NEW Yorkers continued to face power cuts in boiling temperatures on Tuesday as talks resumed to end a lockout of skilled power workers.
Yet again talks between New York City electricity provider Consolidated Edison and its 8,500 locked out workers stalled last weekend.
Consolidated Edison (Con Ed) bosses failed to come to a final agreement with workers at a mediation session held on Saturday.
Negotiations had resumed last Friday morning after a 9-hour session the day before.
Both sides had said they were willing to work over the weekend if necessary to put an end to the dispute.
Representatives of the company met with the Utility Workers Union of America (UWUA) Local 1-2 at a hotel in Queens, and were only able to agree to hold another session on Tuesday to seek a solution to the ongoing labour dispute.
Con Ed, which has more than three million customers in New York and Westchester County, declined to comment on the talks.
‘We’ve been open every day, UWUA spokesman John Melia said on Monday.
‘Nine million people are being held hostage by their union-busting tactics. They could have employed a few chimpanzees to do what they have done. They just sit there and nod their head,’ he added.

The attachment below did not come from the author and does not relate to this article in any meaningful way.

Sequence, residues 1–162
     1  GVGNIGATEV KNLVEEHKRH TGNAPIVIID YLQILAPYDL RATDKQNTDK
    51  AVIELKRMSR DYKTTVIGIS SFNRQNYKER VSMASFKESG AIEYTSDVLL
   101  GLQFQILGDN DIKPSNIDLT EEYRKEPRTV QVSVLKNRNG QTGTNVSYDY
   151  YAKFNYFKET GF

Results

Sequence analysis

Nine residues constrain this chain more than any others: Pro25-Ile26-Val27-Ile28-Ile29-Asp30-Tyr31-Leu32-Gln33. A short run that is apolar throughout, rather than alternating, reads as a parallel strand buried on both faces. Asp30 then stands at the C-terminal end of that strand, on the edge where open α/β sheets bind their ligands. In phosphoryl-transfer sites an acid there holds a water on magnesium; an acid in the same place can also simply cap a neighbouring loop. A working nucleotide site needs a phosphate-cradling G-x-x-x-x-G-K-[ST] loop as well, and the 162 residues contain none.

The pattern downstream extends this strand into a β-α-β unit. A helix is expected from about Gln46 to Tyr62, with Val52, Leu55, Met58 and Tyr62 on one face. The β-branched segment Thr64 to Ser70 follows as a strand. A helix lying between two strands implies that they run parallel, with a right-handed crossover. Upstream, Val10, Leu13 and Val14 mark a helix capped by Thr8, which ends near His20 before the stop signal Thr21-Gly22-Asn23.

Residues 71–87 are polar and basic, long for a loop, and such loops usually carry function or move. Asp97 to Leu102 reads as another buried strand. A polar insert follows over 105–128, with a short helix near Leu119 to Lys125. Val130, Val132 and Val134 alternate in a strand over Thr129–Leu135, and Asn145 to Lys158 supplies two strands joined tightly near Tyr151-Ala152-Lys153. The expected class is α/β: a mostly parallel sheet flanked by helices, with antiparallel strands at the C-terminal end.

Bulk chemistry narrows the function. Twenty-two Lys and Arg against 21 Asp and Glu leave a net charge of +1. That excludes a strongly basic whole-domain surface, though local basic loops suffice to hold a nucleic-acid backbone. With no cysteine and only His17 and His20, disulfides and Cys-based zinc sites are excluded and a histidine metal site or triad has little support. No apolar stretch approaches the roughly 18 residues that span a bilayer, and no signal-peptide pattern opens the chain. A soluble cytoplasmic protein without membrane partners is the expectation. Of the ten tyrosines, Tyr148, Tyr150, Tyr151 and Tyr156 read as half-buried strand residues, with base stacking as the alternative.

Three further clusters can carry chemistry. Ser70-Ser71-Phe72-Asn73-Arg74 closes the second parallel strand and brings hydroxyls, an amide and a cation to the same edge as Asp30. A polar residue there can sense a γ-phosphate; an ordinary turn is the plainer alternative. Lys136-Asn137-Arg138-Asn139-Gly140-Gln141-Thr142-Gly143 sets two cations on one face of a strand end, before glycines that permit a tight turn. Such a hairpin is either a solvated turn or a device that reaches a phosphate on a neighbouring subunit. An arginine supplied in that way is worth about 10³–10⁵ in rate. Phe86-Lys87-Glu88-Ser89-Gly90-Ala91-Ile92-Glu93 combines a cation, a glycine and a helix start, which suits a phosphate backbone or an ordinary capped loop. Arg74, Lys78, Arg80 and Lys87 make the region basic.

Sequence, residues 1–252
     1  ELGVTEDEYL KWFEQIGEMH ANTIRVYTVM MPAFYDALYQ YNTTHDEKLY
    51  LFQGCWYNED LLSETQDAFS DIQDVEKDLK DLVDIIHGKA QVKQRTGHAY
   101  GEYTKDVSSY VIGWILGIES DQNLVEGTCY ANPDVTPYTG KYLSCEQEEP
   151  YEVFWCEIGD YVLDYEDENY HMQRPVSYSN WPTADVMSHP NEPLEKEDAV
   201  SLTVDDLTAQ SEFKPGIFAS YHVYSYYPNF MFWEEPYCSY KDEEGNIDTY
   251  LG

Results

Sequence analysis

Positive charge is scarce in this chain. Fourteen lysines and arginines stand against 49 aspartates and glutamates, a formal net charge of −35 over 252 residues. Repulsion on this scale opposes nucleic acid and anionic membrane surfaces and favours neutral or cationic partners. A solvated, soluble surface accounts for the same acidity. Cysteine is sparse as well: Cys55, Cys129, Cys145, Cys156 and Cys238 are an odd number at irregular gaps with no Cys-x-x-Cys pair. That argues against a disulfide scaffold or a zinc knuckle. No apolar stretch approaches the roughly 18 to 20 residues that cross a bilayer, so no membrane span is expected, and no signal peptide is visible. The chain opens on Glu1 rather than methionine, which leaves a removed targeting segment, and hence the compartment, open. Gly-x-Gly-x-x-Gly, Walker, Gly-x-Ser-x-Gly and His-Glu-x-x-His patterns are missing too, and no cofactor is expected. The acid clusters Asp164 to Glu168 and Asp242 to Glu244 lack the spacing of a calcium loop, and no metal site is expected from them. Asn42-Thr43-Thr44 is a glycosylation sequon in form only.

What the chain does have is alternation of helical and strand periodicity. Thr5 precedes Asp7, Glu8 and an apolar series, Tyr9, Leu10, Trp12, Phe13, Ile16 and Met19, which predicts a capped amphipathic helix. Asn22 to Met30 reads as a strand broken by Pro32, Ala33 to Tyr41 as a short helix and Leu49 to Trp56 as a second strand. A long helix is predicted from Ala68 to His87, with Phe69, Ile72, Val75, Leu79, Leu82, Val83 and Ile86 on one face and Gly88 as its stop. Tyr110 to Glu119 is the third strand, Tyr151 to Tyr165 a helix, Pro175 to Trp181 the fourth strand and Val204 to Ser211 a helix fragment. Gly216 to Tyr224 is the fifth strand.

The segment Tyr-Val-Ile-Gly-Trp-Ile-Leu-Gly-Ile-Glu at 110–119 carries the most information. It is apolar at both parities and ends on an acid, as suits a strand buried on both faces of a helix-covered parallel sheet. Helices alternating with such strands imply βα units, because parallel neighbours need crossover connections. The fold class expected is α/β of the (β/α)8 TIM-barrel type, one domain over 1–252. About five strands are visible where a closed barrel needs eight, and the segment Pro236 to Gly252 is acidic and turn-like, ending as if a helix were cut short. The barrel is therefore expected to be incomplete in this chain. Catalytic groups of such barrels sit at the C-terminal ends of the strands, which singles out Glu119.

Con Ed locked out around 8,500 workers after negotiations over contract renewal failed on July 1.
The electricity giant wants to replace current pension plans with less costly 401(k)-type savings plans, as well as cutting benefits and wages.
A series of talks then took place last week, with Con Ed saying it would rehire the workers as long as they guaranteed they would not strike.
With such important issues at stake, however, the UWUA refused to provide such a promise.
The workers have been temporarily replaced by some 5,000 managers and retirees.
However, with a heat wave hitting the New York area, the Con Ed’s ability to deal with its regular projects and emergencies appears to have been undermined.
The company has reduced voltage by over 5 per cent in a number of neighbourhoods in Brooklyn and the Bronx in order to protect the overall system and maintain service as crews fixed the power lines feeding the neighborhoods.
The UWUA says the reductions were a sign that Con Ed was facing increasing difficulty in dealing with the heat wave without its regular workers.
The UWUA’s Melia said: ‘If something goes wrong, Con Edison will not be able to respond in a timely manner, endangering all New Yorkers.’
Meanwhile, accidents and injuries are increasing among the strike breakers.
At least four have been injured, with two suffering burns to their faces and hands.
One strike breaker was arrested in Yonkers for reporting a phony gas leak.
Union workers have been pointing to the sheer lack of skills and proper education amongst the scabs.
New Yorkers remain puzzled as to why the company, which in the words of Con Ed president Kevin Burke boasted an impressive $1.1bn profit last year, decided on the cuts in employee benefits that sparked the dispute.
To add injury to insult, the move came as Con Ed increased executive pay by 82 per cent in 2010 – to over $17m for its top five executives.